Image source: Getty Images.

Turning to qualitative assessments, there’s little doubt that the risk to Raytheon’s earnings outlook is rising as supply chain issues persist. The company, for example, needs to replace titanium castings (for aircraft engines) previously sourced from Russia. In addition, there’s ongoing uncertainty around just how long China will continue to impose lockdowns on its economy and travel due to the latest outbreak.

Putting the updated guidance numbers into context, they imply a price-to-earnings (P/E) ratio of 19.5 to 20.3 and a price-to-free-cash-flow ratio of 23.2 for full-year 2022. While these valuations appear on the high side, not least for a company beset by rising near-term earnings risk, they are attractive in terms of the long-term prospects of the business.

Metric

Previous Guidance

Current Guidance

Sales

$68.5 billion to $69.5 billion

$67.75 billion to $68.75 billion

Organic sales growth

7% to 9%

6% to 8%

Adjusted EPS

$4.60 to $4.80

$4.60 to $4.80

Free cash flow

$6 billion

$6 billion

Data source: Company presentations.

Commercial aerospace

The key to the argument rests on the idea that both of Raytheon’s end markets are showing underlying signs of improvement.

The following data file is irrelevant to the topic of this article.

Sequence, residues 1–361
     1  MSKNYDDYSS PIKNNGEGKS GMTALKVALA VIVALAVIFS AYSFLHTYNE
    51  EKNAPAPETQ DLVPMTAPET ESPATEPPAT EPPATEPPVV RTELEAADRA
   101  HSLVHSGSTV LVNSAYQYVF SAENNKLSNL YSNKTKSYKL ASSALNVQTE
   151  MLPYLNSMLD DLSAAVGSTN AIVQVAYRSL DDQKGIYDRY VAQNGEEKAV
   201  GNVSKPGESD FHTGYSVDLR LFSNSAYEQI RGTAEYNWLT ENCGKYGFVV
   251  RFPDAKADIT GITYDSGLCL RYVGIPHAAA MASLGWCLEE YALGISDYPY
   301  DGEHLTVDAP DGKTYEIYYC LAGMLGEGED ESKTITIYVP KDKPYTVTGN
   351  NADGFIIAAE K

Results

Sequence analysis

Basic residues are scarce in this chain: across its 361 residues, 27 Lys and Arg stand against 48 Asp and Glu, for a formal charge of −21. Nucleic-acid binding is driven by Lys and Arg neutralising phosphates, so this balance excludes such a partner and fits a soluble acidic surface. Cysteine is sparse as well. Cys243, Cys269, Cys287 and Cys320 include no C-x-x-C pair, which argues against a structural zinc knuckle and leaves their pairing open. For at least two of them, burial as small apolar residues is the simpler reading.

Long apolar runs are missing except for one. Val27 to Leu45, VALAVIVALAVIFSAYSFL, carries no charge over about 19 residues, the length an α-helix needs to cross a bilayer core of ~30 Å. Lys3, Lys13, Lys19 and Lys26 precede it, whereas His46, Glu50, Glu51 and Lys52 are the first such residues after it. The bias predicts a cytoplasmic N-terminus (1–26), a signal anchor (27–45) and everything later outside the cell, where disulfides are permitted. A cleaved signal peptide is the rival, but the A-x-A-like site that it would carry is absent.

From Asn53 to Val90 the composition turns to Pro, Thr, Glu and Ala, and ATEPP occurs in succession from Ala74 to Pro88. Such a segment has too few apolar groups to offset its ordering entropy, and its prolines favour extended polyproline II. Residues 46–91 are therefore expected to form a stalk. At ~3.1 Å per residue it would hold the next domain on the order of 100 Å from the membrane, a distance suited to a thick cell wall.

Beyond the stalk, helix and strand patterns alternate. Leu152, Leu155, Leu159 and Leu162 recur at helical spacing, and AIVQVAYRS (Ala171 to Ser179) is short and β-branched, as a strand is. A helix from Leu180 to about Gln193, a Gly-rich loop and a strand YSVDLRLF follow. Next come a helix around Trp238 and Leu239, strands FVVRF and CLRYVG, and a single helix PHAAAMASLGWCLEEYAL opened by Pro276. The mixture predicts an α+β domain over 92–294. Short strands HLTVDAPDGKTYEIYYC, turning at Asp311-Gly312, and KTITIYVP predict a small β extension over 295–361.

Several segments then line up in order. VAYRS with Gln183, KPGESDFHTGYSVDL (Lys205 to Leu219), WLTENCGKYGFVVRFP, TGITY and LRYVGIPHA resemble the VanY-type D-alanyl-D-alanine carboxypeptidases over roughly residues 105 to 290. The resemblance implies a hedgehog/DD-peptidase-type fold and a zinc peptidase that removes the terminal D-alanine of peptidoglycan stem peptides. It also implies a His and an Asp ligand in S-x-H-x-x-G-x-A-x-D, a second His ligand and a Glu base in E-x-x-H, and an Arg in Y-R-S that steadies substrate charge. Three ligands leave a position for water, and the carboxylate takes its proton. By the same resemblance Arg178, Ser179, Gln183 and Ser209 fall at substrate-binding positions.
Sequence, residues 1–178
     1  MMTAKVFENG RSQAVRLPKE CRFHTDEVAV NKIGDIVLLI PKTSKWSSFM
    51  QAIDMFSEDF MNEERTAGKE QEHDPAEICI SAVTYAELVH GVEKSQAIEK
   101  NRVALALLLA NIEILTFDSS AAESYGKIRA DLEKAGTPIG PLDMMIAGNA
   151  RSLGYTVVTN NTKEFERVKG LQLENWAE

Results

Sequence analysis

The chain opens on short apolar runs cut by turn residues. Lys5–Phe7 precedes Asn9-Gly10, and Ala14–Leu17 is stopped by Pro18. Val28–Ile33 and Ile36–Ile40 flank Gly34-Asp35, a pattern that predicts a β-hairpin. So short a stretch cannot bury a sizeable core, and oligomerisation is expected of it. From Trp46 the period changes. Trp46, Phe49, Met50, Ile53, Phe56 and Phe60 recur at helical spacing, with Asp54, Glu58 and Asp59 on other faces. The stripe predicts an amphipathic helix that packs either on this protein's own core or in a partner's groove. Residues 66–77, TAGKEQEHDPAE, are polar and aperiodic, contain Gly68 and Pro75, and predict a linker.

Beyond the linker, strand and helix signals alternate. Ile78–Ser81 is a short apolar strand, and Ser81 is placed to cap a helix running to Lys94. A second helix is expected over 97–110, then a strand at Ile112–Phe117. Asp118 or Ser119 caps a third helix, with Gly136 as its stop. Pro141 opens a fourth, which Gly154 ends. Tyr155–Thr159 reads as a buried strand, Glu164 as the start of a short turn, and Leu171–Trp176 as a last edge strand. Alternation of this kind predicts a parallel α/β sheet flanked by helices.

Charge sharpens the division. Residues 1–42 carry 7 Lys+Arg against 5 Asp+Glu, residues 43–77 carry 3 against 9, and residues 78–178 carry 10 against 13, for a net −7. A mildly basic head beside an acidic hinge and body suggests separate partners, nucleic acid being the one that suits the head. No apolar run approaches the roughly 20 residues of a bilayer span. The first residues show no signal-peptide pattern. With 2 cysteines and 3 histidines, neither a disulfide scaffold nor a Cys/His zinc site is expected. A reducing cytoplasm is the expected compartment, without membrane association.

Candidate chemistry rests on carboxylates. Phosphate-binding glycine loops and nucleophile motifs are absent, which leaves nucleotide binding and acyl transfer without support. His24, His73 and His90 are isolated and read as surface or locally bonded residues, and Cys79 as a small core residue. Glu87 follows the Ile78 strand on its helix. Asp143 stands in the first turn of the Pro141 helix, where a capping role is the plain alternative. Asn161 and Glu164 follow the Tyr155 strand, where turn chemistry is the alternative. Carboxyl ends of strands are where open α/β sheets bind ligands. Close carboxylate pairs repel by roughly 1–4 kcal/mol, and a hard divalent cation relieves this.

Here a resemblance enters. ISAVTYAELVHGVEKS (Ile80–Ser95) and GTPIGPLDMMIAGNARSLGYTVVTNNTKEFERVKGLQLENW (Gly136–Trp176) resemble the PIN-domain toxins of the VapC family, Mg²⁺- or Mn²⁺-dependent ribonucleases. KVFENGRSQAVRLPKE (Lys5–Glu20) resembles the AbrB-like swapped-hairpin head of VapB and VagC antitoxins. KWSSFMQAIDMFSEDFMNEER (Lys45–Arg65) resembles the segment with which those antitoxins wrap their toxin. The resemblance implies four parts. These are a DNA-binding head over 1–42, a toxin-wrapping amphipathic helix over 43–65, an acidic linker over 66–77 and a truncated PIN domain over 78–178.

Starting with commercial aviation, you only have to look at Delta Air Lines‘ first-quarter earnings to see that passengers are more than willing to fly. While commercial air travel in January and February was hit by omicron-related restrictions, Delta said it had its best “cash sales month in history” in March, and management expects a strong summer.

Another vote of confidence for the industry comes from Delta management’s disclosure that business travelers — the key to airline profitability — were back and its business travel volumes were at “the highest post-pandemic levels we’ve seen.” If airlines are serving more people and flying more and making more money, Raytheon’s commercial aerospace original equipment businesses and its commercial aerospace aftermarket businesses will benefit.